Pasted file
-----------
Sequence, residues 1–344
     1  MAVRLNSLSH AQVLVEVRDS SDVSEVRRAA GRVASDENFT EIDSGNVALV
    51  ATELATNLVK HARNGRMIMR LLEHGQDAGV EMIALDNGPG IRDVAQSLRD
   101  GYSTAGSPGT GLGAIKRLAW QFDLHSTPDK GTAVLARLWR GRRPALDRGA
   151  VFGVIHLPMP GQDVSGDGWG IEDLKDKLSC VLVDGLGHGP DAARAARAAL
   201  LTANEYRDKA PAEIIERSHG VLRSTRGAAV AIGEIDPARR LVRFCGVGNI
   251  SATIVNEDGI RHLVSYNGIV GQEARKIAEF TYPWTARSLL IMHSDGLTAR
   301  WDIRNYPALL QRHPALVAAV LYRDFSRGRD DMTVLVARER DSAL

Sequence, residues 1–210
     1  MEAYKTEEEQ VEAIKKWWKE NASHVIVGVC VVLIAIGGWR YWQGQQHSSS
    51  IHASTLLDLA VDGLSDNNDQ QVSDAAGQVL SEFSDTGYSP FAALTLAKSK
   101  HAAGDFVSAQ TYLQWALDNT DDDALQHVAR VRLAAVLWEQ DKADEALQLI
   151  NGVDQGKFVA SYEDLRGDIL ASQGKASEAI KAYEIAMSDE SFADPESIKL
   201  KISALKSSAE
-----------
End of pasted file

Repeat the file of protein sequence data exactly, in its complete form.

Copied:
Sequence, residues 1–344
     1  MAVRLNSLSH AQVLVEVRDS SDVSEVRRAA GRVASDENFT EIDSGNVALV
    51  ATELATNLVK HARNGRMIMR LLEHGQDAGV EMIALDNGPG IRDVAQSLRD
   101  GYSTAGSPGT GLGAIKRLAW QFDLHSTPDK GTAVLARLWR GRRPALDRGA
   151  VFGVIHLPMP GQDVSGDGWG IEDLKDKLSC VLVDGLGHGP DAARAARAAL
   201  LTANEYRDKA PAEIIERSHG VLRSTRGAAV AIGEIDPARR LVRFCGVGNI
   251  SATIVNEDGI RHLVSYNGIV GQEARKIAEF TYPWTARSLL IMHSDGLTAR
   301  WDIRNYPALL QRHPALVAAV LYRDFSRGRD DMTVLVARER DSAL

Sequence, residues 1–210
     1  MEAYKTEEEQ VEAIKKWWKE NASHVIVGVC VVLIAIGGWR YWQGQQHSSS
    51  IHASTLLDLA VDGLSDNNDQ QVSDAAGQVL SEFSDTGYSP FAALTLAKSK
   101  HAAGDFVSAQ TYLQWALDNT DDDALQHVAR VRLAAVLWEQ DKADEALQLI
   151  NGVDQGKFVA SYEDLRGDIL ASQGKASEAI KAYEIAMSDE SFADPESIKL
   201  KISALKSSAE